Pulp

Different Class (Island ’95) Rating: A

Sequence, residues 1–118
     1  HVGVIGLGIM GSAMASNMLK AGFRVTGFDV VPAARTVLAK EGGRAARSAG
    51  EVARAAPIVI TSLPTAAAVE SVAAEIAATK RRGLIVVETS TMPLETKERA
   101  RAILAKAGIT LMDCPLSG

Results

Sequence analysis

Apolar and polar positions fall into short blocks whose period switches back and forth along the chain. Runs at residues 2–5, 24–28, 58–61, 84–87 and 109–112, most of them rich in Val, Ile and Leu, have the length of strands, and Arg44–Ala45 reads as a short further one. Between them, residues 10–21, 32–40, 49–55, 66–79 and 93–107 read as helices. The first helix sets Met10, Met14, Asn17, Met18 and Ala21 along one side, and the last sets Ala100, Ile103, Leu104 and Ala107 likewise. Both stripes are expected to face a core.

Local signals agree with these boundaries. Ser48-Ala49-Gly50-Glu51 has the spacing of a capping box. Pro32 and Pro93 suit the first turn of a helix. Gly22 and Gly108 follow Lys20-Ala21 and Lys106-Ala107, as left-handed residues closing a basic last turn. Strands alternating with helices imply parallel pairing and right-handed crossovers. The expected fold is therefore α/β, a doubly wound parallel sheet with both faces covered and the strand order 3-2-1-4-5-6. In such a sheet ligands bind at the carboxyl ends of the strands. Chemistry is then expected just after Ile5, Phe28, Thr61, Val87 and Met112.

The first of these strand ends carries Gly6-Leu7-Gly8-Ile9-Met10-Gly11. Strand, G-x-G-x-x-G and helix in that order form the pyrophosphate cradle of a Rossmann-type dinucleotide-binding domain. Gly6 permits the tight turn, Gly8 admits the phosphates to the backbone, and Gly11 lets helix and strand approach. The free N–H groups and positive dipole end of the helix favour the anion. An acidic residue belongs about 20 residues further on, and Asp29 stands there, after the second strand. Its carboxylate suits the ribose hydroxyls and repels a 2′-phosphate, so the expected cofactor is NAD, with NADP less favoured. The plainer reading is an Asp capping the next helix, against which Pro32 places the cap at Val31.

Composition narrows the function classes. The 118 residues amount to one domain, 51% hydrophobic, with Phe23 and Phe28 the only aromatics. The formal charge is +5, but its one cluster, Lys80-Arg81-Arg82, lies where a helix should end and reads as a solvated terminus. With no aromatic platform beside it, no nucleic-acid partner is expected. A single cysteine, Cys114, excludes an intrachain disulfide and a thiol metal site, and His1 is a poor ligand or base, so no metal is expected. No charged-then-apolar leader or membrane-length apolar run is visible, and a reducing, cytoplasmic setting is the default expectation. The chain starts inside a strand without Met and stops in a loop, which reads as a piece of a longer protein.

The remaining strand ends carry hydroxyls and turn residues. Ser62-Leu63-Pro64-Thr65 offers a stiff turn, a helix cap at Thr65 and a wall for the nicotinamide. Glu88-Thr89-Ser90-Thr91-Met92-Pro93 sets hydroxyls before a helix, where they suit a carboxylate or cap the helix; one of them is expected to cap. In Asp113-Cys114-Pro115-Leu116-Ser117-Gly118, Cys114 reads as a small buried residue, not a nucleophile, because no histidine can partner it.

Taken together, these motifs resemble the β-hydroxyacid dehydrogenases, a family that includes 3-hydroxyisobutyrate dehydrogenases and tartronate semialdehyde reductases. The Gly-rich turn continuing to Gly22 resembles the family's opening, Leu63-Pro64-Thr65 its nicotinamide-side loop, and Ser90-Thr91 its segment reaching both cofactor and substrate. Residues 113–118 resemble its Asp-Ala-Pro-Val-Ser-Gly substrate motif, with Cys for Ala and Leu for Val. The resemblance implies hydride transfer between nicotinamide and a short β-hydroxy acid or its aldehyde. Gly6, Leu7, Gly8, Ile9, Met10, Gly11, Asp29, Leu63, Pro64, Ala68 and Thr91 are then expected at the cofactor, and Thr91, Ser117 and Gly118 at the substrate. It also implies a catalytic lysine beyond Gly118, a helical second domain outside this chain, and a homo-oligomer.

This band was around for quite some time (well over ten years) before finally making a splash, at least in the U.K., with their fourth album, His 'n' Hers (1994). In the U.S. this decidedly British band's profile is considerably lower, but this excellent subsequent album, the band’s masterpiece, was their most popular worldwide release, and for good reason as charismatic group leader Jarvis Cocker (also famous for bum rushing Michael Jackson at the British Music Awards) arguably pens the best set of lyrics by any British songwriter since Ray Davies was writing about waterloo sunsets and village greens. The revenge of the nerds album opener “Mis-Shapes” is a superb demonstration of the band’s propulsively danceable and catchy synth pop side, which reaches its apex on “Common People,” a flat out brilliant pop single (arguably the best of the decade) about a bored rich girl who want to slum it with the commoners. The song, which like "Mis-Shapes" features a great rhythmic surge, builds and builds as Cocker's disgust grows and grows (after all, "everybody hates a tourist”), with the end result being a song that's sad, funny, mean, and epic all at once. “Disco 2000,” another fantastic hit single and album high point, is an alternately romantic, sad, and hilarious (“the boys all loved you but I was a mess, I had to watch them try and get you undressed”) look at unrequited love. Elsewhere, songs such as “Pencil Skirt,” with its slinky Bowie-esque melody, “Underwear,” with its appealing keyboard-led melody, and the fascinatingly devious “I Spy,” which atmospherically brings to mind James Bond sountracks or maybe a more sinister Pet Shop Boys, all paint vivid portraits of disturbingly amoral characters and the circumstances that inevitably arise between untrustworthy lovers. “F.E.E.L.I.N.G.C.A.L.L.E.D.L.O.V.E.” details how love can unexpectedly change everything, while fate plays a role in the strings-heavy ballad (and #10 U.K. hit) “Something Changed,” and “Live Bed Show,” another impressive ballad, provides a melancholic view of a faded romance. Meanwhile, “Sorted For E’s And Wizz,” another superlative, supremely melodic single, this one about a trip to a rave, “Monday Morning” (great line, one of many throughout the album: "why live in the world when you can live in your head?"), and “Bar Italia” (about the dreaded "morning after" a hedonistic night out clubbing) detail the alternately disorienting and mundane existences of lonely drifters with no direction who are looking for their next high; each song is elevated by Cocker’s typical lyrical precision. Granted, the spectacular singles tend to overshadow the generally merely very good album tracks, and sometimes the band's new wave-y music isn’t quite up to the impeccable standards set by Cocker's inspired lyrical portraits. However, the music here generally holds up its end of the bargain as well, resulting in an essential Britpop document that was one of the decade’s defining U.K. albums.

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